Aaron Copland


Born: 1900   Died: 1990   Country: USA   Period: 20th Century
Few figures in American music loom as large as Aaron Copland. As one of the first wave of literary and musical expatriates in Paris during the 1920s, Copland returned to the United States with the means to assume, for the next half century, a central role in American music as composer, promoter, and educator. Copland's sheer popularity and iconic status are such that his music has transcended the concert hall and entered the popular Read more consciousness; it both accompanies solemn and joyous celebrations the world over (Fanfare for the Common Man) and punctuates the familiar words "Beef: It's What's for Dinner!" (Rodeo) for millions of television viewers.

Copland was the youngest of five children born to Harris and Sarah Copland, Lithuanian Jewish immigrants who owned a department store in Brooklyn. He did not take formal piano lessons until he was 13, by which time he had also begun writing small pieces. Instead of attending college, Copland studied theory and composition with Rubin Goldmark and piano with Victor Wittgenstein and Clarence Adler, and attended as many concerts, operas, and ballets as possible. In 1921, he went to Fontainebleau, France, taking conducting and composition classes at the American Conservatory. He went on to study in Paris with Ricardo Viñes and Nadia Boulanger and spent the next three years soaking up all the European culture, both new and old, that he could. He learned to admire not only composers like Stravinsky, Milhaud, Fauré, and Mahler, but others such as author André Gide. Boulanger's performance of Copland's 1924 Organ Symphony with Koussevitzky was the beginning of a friendship between the conductor and composer that led to Copland teaching at the Berkshire Music Center (Tanglewood) from 1940 until 1965.

After his return to America, Copland drifted toward an incisive, austere style that captured something of the sobriety of Depression-torn America. The most representative work of this period -- the Piano Variations (1930) -- remains one of the composer's seminal efforts. He tried to avoid taking a university position, instead writing for journals and newspapers, organizing concerts, and taking on administrative duties for composers' organizations, trying to promote American music. By the mid-1930s, taking the direct engagement of and communication with audiences as one of his central tenets, Copland's compositions developed (in parallel with other composers like Virgil Thomson and Roy Harris) an "American" style marked by folk influences, a new melodic and harmonic simplicity, and an appealing directness free from intellectual pretension. This is nowhere more in evidence than in Copland's ballets of this period, and it finally earned him the respect of the general public. While Copland gradually became less prolific from the mid-1950s on, he continued to experiment and explore "fresh" means of musical expression, including a highly individual adoption of 12-tone principles in works like the Piano Fantasy and Connotations for orchestra. Still, the fundamentally lyrical nature of Copland's language remained intact and occasionally emerged -- with an often surprising retrospective air -- in works like the Duo for flute and piano (1971). He continued to teach and write and received numerous awards both in America and abroad. In 1958, he began conducting orchestras around the world, performing works by 80 other composers as well as his own over the next 20 years. By the mid-'70s, Copland had for all intents and purposes ceased composing. One of the last of his creative accomplishments was the completion of his two-volume autobiography (with musicologist Vivian Perlis), an essential document in understanding the growth of American music in the twentieth century. Read less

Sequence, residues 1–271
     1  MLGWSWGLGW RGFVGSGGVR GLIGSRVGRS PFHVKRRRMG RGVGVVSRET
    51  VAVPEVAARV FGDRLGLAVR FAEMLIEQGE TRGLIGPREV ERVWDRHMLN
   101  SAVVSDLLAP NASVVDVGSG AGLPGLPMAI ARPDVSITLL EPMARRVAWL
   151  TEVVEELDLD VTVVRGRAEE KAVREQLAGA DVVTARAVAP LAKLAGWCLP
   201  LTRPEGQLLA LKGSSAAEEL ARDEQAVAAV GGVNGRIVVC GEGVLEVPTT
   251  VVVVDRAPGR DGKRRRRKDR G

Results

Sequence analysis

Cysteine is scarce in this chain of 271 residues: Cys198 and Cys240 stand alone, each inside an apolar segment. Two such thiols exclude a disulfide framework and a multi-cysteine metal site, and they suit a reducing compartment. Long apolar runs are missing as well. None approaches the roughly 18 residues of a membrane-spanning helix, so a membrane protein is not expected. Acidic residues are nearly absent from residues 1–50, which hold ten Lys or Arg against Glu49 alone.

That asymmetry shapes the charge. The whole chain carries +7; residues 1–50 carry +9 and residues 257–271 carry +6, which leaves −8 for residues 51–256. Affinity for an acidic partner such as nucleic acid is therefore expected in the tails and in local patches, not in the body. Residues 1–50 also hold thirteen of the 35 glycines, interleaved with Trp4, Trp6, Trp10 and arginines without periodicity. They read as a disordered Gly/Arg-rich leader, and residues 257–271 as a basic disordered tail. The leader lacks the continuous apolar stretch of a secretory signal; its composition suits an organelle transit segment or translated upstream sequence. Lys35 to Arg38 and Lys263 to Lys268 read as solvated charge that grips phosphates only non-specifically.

Copland, Arnold: Clarinet Concertos / Gray, Newstone